3 weeks ago

    YES ….WOW I made such a huge connection with my pain related issues I am excited to try out my NEW THOUGHTS thank you so much I have a very excited feeling my pain is a thing of the past ….who needs it 🙂 Onward!

    1. Christiane
      1 week ago

      This is very exciting to read. Bless you!

  6. Monica Hägg
    3 weeks ago

    I just have to leave some comments after reading your blog. I have a chronic lymphatic edema in my left leg since 20 years back. This happened after an operation of cervix cancer.
    The Cancer never returned, but I got the edema as a life long friend. It has been a long journey. I was a profesional dancer for 25 years and very proud of my dancer body, until I saw it deformed by one leg twice as big as the other leg. Yes, I have been in all kind of and get regular lymph drenage, it will never be cured but better. I am now an old women, after my dancing carrier I became an astrologer, continued with training of deeper levels of consciousness. I was trained by a Mdp. and have been teaching in more than 20 years. I have continued studies with energy medicine with the q’eros indians from Peru, doing Sheng zhen gong, “the qigong of unconditional love” by Master Li jungfeng since 15 years back. I work as a meditation teacher and shamanic energy healer. The lymphatic edema? It is still there. This retrograde year I also broke the foot with the leg of my edema, with a cast for 6 weeks. I can see beyond, but don’t understand how and why this happened, no matter how much I know, practise and understand. I live in Sweden and I am an old women now. Tired of all treatments, good advices, training physically, emotionally and phycologhly. Good vitamins and minerals regularly, my mental state is good and positive. I miss the communication I can see in USA or in other countries. Life is a wonderful state, one just have to live it, no matter what! And-never give up!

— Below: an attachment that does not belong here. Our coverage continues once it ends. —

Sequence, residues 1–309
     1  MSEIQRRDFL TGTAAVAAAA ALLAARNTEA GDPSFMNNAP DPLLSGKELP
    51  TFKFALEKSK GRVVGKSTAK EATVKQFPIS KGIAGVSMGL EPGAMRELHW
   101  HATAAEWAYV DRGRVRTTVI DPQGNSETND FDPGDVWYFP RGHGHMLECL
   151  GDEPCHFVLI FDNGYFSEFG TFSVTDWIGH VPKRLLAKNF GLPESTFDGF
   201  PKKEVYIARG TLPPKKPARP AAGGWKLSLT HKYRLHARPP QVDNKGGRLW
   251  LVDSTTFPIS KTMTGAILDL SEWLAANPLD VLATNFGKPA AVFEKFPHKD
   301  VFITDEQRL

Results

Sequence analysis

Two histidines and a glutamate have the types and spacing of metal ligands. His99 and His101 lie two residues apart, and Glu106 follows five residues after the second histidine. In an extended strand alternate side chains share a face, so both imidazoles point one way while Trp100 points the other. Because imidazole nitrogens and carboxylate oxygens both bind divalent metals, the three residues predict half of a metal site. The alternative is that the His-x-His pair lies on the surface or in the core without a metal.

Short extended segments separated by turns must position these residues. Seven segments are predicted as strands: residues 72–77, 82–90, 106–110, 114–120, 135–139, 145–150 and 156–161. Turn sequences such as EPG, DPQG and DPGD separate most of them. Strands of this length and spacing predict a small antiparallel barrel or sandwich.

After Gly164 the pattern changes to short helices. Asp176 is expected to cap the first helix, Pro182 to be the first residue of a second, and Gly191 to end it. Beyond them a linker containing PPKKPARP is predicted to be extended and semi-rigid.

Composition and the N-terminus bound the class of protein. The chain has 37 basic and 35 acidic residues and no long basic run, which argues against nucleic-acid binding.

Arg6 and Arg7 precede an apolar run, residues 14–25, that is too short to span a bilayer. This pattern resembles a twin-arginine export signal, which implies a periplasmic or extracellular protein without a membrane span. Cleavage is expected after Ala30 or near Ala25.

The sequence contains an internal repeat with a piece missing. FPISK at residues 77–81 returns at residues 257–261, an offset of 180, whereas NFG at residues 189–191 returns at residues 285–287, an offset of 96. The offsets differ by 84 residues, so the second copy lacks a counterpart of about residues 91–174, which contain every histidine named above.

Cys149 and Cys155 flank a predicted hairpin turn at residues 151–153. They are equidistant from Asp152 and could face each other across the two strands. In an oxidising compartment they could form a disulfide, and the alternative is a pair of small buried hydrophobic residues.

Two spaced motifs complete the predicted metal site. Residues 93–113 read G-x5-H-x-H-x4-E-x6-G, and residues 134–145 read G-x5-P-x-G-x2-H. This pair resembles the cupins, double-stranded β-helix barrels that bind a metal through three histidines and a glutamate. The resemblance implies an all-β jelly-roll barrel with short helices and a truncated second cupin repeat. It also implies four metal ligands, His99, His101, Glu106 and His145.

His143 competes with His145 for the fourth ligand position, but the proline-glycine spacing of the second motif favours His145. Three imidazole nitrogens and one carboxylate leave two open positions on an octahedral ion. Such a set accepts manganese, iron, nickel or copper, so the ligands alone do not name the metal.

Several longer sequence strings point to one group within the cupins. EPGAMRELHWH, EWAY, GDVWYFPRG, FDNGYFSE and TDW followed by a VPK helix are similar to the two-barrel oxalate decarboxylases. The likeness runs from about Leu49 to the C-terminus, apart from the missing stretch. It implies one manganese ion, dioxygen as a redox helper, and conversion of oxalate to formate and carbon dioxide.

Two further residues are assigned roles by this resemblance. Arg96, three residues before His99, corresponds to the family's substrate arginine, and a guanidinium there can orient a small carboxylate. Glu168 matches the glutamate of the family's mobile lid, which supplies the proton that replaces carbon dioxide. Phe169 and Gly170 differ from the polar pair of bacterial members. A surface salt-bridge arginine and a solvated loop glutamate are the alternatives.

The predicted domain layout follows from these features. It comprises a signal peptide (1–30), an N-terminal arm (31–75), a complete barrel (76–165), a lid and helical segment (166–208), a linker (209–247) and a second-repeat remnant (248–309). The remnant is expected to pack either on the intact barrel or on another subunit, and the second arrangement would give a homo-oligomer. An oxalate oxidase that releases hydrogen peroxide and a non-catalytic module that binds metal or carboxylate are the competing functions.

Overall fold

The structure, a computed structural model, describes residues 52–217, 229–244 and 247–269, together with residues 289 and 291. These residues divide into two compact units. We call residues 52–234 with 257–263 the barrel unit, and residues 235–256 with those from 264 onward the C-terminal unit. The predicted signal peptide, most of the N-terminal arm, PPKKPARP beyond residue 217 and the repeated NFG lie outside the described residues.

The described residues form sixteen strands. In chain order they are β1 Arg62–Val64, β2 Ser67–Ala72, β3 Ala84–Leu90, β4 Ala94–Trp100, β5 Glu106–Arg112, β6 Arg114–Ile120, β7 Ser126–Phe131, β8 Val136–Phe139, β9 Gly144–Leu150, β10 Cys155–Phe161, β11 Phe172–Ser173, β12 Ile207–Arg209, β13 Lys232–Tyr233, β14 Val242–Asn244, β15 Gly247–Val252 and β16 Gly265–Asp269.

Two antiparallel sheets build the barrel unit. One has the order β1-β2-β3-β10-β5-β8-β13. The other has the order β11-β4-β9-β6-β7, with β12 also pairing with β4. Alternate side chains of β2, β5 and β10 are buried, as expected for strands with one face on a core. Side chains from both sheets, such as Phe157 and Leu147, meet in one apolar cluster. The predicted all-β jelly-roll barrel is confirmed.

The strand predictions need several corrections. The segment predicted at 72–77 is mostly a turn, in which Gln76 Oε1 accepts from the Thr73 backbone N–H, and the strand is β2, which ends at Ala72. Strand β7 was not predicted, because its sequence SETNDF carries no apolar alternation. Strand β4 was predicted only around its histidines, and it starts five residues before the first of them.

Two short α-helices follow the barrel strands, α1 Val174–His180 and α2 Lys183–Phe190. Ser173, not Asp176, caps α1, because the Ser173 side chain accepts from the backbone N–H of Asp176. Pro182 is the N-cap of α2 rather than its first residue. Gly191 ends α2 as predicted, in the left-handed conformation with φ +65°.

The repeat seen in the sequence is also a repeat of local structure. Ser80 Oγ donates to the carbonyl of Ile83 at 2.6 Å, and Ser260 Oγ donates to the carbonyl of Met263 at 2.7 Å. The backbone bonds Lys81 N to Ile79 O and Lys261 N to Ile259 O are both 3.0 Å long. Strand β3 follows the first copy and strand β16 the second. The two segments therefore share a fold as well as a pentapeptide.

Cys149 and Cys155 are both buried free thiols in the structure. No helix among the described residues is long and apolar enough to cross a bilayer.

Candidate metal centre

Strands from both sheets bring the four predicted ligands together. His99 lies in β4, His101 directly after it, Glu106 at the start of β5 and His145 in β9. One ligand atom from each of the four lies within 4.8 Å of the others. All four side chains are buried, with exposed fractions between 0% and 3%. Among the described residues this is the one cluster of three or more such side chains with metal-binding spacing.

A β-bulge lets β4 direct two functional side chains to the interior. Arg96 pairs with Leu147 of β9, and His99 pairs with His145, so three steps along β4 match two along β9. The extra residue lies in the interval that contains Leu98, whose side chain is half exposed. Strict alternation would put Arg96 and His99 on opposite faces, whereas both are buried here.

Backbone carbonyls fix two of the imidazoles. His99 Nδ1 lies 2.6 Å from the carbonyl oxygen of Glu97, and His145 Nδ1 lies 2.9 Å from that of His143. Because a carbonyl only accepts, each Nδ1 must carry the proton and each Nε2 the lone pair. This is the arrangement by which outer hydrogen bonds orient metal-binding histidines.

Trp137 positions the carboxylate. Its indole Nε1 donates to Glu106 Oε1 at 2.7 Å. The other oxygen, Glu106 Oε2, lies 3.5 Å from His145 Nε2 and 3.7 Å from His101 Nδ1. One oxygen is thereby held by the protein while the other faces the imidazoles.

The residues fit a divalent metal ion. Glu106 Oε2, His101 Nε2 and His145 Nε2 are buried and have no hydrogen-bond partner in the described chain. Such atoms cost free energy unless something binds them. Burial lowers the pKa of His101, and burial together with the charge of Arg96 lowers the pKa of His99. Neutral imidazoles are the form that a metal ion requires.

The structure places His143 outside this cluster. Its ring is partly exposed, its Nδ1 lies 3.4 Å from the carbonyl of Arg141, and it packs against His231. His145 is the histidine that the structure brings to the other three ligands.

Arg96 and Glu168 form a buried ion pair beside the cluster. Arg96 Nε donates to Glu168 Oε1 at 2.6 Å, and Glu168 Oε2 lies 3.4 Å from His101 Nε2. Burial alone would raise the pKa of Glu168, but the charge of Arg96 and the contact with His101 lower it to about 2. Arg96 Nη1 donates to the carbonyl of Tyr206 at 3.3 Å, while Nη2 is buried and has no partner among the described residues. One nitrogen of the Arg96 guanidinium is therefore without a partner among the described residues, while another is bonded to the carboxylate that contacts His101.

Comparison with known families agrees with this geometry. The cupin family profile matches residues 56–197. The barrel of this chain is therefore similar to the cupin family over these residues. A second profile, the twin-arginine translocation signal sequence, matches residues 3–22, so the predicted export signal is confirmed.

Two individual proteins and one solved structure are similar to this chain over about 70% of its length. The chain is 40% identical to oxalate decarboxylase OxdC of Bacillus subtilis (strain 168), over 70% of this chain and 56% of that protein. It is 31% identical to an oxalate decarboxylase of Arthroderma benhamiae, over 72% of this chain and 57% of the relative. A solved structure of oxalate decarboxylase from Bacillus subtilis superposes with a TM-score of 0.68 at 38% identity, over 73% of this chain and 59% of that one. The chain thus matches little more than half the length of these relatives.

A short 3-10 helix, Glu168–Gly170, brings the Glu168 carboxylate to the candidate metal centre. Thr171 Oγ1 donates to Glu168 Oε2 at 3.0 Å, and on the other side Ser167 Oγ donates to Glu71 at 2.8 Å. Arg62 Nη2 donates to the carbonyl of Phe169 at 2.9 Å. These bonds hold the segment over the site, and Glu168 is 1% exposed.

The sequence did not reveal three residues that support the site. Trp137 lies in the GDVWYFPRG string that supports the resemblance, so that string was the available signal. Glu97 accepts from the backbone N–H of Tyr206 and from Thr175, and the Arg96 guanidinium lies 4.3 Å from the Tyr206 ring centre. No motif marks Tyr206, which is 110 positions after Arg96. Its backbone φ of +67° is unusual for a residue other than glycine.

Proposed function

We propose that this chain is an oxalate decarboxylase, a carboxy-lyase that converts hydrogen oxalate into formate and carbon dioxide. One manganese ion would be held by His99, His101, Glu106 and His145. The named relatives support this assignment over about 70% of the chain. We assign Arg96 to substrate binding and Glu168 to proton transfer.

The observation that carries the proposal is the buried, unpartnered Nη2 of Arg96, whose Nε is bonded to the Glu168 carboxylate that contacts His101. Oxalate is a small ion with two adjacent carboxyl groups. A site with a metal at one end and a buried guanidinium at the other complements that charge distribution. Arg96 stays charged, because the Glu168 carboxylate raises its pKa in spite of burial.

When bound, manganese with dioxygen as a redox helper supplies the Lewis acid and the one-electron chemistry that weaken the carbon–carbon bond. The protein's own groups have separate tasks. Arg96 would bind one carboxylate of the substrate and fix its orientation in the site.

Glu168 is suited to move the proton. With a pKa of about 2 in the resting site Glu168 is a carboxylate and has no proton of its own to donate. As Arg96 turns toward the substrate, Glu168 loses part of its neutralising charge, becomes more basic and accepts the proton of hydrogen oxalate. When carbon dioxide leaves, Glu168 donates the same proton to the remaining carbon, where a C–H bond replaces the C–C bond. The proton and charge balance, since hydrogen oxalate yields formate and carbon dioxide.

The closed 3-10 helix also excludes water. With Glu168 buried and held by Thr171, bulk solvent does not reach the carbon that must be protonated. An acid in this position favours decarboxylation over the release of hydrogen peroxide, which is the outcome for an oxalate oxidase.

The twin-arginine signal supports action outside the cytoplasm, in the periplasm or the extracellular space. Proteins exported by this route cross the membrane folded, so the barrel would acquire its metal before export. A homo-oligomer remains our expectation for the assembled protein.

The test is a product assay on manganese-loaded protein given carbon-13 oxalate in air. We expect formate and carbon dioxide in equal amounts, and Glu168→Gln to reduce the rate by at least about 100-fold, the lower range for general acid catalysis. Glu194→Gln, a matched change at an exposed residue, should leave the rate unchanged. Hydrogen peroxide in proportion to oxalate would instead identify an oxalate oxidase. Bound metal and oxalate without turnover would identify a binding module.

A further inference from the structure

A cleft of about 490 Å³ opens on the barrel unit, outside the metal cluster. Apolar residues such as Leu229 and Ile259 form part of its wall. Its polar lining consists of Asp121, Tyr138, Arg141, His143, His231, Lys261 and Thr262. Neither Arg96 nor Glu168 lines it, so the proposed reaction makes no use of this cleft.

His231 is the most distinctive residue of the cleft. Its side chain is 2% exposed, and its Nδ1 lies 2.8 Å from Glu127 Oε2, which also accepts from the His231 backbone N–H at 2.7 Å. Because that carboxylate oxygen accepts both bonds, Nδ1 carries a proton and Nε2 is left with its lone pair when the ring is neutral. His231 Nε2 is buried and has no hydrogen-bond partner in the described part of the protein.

Monica

    1. sarah
      2 weeks ago

      monica, I am very touched by the trauma and courage and accepatnce of life. blessing for continued states of meditation and peace that keep your state so positive. namaste, sarah

    2. Christiane
      1 week ago